46 What was the Royal Road? The Royal Road was a system of well- maintained roads dotted with way stations that provided food, shelter, and fresh horses that allowed Darius to communicate quickly with the most distant parts of the empire. The road stretched from Lydia to Susa. In this system the Persian king had exalted power. (pg. 102)

47 Who is Zoroaster? What did he teach?
A Persian prophet who offered an answer to the question of why so much suffering and chaos existed in the world. His religion taught a belief in one god Ahura Mazda. It was a monotheistic religion. Ahura Mazda gave humans the freedom to choose between right and wrong.

48 Who is Confucius? What were his teachings?
Confucius was known to the Chinese as the “First Teacher”. He was the most influential Chinese philosopher and scholar who developed Confucianism or the system that showed how Confucius was upset with the violence and moral decay of his era. He believed that social order, harmony, and good government could be restored in China if society was organized around five basic relationships.

49 What were Confucius’ teachings?
The five basic relationships were: Ruler and subject Father and son Husband and wife Older sibling and younger sibling Older friend and younger friend Three of these relationships were based on family which was an important part of Chinese culture.

50 What is Filial Piety? Bureaucracy?
Filial Piety is the belief of Confucius that children should always show respect for their parents and ancestors. Bureaucracy is a trained civil service, or those who run the government, based on Confucius’ belief that education could transform a humble born person into a gentlemen.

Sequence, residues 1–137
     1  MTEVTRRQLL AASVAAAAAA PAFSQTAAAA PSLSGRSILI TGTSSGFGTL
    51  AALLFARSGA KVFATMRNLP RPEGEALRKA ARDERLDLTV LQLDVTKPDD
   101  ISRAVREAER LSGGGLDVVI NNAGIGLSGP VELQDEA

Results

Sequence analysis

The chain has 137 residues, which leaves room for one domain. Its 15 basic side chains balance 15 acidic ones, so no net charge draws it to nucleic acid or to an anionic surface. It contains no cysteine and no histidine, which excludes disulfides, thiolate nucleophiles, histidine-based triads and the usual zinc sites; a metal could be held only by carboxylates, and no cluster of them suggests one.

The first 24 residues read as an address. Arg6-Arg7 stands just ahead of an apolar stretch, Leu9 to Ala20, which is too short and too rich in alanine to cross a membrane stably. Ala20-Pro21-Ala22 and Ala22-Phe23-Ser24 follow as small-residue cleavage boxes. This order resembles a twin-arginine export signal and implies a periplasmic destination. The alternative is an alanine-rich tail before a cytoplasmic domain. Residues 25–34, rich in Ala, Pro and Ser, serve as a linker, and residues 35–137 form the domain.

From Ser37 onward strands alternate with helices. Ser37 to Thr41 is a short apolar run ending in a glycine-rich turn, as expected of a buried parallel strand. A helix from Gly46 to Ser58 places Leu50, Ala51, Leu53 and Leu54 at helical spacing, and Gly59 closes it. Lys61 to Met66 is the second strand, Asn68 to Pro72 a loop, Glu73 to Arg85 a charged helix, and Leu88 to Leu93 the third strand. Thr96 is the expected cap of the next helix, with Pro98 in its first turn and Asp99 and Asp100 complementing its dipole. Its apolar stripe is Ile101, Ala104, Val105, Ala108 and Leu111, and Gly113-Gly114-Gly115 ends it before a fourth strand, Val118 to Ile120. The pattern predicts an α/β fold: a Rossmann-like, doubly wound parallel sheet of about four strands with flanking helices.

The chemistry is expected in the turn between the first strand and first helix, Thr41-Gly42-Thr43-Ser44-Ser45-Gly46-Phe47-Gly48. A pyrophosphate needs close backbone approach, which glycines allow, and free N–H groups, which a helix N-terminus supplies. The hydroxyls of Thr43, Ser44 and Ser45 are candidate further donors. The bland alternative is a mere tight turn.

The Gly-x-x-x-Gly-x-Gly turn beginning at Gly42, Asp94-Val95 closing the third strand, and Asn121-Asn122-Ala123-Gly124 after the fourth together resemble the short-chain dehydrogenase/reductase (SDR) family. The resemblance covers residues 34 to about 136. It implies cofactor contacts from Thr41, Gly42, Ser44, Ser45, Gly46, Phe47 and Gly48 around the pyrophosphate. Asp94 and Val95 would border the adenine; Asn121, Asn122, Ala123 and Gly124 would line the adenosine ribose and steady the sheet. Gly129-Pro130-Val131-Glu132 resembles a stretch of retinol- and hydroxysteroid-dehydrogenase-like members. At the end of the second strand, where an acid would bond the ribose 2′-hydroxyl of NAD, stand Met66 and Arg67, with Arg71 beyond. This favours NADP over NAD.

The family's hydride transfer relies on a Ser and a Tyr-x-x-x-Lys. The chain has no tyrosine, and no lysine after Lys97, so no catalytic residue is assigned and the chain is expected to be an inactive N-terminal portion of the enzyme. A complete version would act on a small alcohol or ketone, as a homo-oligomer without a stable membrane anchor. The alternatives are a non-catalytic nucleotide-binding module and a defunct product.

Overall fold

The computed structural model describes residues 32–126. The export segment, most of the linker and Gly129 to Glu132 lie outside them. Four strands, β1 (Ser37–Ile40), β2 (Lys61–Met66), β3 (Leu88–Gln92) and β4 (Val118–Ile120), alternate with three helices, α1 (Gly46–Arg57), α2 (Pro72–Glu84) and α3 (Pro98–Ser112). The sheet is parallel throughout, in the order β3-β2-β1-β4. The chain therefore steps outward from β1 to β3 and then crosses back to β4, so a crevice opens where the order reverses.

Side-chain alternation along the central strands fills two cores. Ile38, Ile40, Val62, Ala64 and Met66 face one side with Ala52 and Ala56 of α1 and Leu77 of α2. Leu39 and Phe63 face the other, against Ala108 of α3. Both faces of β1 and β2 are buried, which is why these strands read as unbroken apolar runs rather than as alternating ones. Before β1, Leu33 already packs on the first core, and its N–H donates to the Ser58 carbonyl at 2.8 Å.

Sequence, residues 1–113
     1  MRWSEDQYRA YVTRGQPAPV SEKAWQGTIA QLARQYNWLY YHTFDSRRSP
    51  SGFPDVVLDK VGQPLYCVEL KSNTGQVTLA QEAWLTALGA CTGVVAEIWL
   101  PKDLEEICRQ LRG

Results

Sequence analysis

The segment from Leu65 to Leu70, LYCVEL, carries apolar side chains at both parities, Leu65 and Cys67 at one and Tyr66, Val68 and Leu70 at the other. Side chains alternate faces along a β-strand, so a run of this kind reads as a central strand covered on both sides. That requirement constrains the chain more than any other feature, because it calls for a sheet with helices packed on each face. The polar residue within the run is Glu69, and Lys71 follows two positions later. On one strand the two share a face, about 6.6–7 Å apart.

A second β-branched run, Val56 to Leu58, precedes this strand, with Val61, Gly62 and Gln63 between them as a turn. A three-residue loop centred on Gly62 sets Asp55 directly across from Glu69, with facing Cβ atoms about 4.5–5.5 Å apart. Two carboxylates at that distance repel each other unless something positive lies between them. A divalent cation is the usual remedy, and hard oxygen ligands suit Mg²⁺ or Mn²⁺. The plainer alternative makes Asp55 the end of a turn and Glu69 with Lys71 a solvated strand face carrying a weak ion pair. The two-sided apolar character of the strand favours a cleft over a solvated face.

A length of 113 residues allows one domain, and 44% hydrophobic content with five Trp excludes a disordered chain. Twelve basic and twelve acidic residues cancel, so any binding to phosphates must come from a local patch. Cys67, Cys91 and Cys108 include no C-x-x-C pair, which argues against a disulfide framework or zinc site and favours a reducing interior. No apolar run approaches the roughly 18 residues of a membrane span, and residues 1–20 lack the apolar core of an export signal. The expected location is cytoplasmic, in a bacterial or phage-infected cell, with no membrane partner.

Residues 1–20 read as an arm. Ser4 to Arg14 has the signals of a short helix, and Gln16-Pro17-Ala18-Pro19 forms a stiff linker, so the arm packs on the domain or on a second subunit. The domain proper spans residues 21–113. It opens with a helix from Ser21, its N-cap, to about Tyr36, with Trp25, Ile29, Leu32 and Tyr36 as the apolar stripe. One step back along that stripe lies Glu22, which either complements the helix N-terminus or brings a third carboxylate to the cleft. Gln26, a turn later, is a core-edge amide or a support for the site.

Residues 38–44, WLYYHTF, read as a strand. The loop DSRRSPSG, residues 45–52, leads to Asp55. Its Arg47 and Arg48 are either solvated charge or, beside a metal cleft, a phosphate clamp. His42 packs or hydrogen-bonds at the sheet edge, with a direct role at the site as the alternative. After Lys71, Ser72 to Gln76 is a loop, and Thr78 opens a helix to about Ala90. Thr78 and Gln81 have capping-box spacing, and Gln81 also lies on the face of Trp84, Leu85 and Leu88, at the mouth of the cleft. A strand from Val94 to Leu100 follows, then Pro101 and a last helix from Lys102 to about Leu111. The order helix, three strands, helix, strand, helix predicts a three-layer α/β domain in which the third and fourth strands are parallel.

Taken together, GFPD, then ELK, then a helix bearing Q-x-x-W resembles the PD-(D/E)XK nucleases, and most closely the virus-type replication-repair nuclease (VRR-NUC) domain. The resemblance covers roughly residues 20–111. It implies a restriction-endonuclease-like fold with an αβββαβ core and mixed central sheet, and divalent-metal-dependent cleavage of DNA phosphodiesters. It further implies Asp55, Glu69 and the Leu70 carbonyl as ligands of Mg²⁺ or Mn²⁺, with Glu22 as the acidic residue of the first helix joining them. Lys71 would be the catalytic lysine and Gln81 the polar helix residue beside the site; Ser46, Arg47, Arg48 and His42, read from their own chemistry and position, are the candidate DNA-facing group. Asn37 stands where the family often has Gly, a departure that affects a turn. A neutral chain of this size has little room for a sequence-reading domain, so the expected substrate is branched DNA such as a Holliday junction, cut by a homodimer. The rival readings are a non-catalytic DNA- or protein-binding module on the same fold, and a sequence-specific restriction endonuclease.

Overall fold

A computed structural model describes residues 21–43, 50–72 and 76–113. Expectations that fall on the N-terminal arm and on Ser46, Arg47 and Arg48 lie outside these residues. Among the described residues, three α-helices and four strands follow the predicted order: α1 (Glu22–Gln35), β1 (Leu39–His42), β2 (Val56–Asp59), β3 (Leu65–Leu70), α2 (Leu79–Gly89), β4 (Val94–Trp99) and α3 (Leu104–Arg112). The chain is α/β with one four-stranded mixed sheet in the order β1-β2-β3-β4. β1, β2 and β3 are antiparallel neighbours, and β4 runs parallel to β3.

51 Confucius

52 What is Daoism? *Daoism was a system of ideas based on the teachings of Laozi. *According to tradition, Laozi or the Old Master lived around the same time as Confucius. Scholars do not know if Laozi actually existed, however people associate him with Daoism. (pg. 105) The chief ideas of Daoism are straightforward by not concerning itself with the meaning of the universe. It sets forth proper forms of human behavior.

53 Daoism Unlike Confucianism, Daoism believes that the way to follow the will of Heaven is not through action but inaction.

54 What is Legalism? Unlike Confucianism and Daoism, Legalism proposed that human beings were evil by nature. Legalists were referred to as the “School of Law” because they rejected the Confucian view that government by “superior men” could solve society’s problems. Instead they argued for a system of impersonal laws. Unlike Confucianism and Daoism, legalism proposed that human beings were evil by nature. Legalists were referred to as the “School of Law” because they rejected the Confucian view that government by “superior men” could solve society’s problems. Instead they argued for a system of impersonal laws.